Director-General

Meeting with State Ministers of Health

Erlangen, Bavaria, Germany
30 June 2005

Ladies and gentlemen,

Thank you for this opportunity to discuss the health system in Germany in relation to the global health system. Our international efforts and decisions can only be valuable if they enable health services to work better within countries. National plans likewise have to fit into the bigger picture if they are to succeed. So this meeting can be beneficial for all of us.

We welcome the support of the German health authorities for our current activities aimed at limiting antimicrobial resistance and ensuring hospital safety. This is an area in which the world is in danger of losing many of the extraordinary advantages that were gained for health during the 20th century. It requires a well-coordinated global response but it also requires the utmost vigilance on the part of individuals and local and national health facilities.

This need is made dramatically clear in the continued threat and high prevalence of tuberculosis. Eastern Europe has the highest rates of multidrug-resistant TB in the world and needs all the support it can get from its stronger healthier neighbours in scaling up this difficult problem especially in the poorest and worst-affected areas.

With co-infection, TB control is inseparable from the fight against AIDS, which is an equally grave concern in eastern Europe. The speed of expansion of AIDS in Russia is comparable with Africa. The current efforts of prevention and care at local and national level have to be drastically increased.

Europe's polio eradication was a major achievement, and an impressive demonstration of what immunization can do. But no country or region will be definitively polio-free until we have completed the job of global eradication. We very much need and value the support of Europe for the immunization campaigns now in progress in the remaining endemic areas and where imported cases are occurring. We also welcome your commitment to measles eradication in this Region by 2010.

As all of us are very much aware, global influenza pandemic is a possible and imminent threat. For more than a year now, the outbreak of H5N1 avian influenza in animals in parts of Asia, with the infection of a limited number of people who were in direct contact with infected animals, has been increasing the danger of a new influenza virus in humans. Today's high level of global interconnection makes all countries and all communities vulnerable to a possible global health emergency.

In past flu pandemics, large numbers of people had already died before much was known about the disease that was killing them. Today, however, thanks to current medical science and communication technology, the world has the chance to defend itself against a virus with pandemic potential before it strikes.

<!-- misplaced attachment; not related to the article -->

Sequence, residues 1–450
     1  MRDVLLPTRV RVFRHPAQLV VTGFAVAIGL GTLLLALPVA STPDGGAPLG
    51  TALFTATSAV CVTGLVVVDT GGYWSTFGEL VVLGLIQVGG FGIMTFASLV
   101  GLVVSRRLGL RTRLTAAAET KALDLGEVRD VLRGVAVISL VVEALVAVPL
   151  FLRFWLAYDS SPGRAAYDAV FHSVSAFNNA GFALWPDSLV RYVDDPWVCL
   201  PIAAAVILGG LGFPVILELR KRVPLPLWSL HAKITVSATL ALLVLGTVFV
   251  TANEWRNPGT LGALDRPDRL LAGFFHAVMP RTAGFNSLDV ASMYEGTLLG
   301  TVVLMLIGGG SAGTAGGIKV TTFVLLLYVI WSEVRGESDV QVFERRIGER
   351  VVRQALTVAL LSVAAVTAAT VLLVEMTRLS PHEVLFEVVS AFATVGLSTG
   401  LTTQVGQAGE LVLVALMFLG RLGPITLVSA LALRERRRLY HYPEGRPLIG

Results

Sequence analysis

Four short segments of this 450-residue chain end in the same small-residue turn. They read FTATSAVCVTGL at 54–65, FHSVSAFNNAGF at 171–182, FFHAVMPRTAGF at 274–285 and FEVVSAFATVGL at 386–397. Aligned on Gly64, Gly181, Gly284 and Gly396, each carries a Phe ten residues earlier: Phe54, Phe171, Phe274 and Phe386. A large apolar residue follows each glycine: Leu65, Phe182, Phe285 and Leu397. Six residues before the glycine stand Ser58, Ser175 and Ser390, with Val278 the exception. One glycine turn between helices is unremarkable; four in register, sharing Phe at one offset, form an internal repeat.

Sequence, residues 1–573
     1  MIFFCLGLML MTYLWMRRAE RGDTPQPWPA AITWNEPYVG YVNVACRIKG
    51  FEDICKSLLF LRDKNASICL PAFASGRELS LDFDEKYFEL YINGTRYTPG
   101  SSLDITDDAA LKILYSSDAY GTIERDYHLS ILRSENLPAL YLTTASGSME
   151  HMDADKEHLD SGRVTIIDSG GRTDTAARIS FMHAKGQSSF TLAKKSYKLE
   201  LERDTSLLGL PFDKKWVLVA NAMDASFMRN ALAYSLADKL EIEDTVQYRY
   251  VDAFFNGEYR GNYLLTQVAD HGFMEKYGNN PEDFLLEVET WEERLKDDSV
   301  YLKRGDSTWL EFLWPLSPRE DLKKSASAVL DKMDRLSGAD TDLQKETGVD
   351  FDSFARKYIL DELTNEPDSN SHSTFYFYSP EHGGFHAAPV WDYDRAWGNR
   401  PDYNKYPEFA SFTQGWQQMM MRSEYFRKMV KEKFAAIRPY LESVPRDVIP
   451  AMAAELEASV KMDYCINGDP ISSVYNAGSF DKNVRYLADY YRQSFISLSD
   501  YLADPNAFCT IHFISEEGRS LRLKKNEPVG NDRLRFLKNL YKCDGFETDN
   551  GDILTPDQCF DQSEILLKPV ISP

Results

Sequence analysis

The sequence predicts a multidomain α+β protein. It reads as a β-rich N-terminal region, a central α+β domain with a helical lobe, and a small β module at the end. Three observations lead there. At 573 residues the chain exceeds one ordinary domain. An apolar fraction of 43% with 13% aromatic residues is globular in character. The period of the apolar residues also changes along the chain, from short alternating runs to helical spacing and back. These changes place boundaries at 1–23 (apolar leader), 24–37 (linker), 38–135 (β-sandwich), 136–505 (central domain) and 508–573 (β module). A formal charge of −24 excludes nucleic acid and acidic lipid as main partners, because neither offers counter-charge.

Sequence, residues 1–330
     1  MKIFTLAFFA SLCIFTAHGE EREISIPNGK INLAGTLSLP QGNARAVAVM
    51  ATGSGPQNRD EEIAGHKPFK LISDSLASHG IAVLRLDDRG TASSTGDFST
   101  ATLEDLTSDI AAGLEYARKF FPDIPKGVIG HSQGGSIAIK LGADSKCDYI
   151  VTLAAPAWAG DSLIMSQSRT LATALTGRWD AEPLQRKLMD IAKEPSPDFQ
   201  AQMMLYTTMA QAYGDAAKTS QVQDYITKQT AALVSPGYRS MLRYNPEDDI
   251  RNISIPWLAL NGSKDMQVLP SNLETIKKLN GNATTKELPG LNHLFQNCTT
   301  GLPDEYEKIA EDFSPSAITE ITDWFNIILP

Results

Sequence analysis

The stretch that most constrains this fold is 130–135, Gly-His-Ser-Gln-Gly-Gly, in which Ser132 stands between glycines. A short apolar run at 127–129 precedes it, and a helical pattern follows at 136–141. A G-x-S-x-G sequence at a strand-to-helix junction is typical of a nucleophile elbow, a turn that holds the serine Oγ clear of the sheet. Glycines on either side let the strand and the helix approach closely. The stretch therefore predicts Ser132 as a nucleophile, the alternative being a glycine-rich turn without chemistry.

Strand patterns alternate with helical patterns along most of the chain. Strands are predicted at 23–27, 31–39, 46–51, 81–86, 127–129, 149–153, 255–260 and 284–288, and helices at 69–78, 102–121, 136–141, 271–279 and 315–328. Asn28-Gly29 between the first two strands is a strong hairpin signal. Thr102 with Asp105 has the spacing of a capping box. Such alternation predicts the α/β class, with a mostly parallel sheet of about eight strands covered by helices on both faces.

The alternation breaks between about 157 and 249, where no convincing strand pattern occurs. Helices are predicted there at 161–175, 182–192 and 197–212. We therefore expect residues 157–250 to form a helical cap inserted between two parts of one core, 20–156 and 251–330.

Defending ourselves means ensuring that there is an adequate surveillance network for human and animal influenza, and a system for alert, response, and outbreak management. WHO provides guidance, training and technical support to Member States in building national plans for pandemic preparedness. We welcome Germany's formulation of such a national plan, we also welcome its current debate on how to implement it in the setting of the country's health system. Countries have different organizational and budgetary set-ups and WHO is prepared and willing to work with all of them within the framework of the International Health Regulations.

The adoption of the revised International Health Regulations by the World Health Assembly last month was a great step forward for preventing the spread of disease and responding to emergencies.

The Regulations spell out the respective roles of WHO and governments during emergencies.

They show how each individual country can contribute to global protection.

They balance the needs of health with those of trade and international traffic.

The system of focal points, expertise and strengthened capacities for response required by the Regulations will be an asset in itself to national health services.

In sum, security may be the most pressing need for health systems now both globally and nationally. Germany, with its major role in the regional and global economy and its immense technological capacity, must continue to play a leading role. Health security does not consist only in responding to disasters. It means mainly avoiding them through an ongoing effort of disease prevention, care and coordination. This requires significant and sustained investment in health systems. Your current concerns and activities in these areas can make a very important contribution to global as well as national health security.

Thank you.

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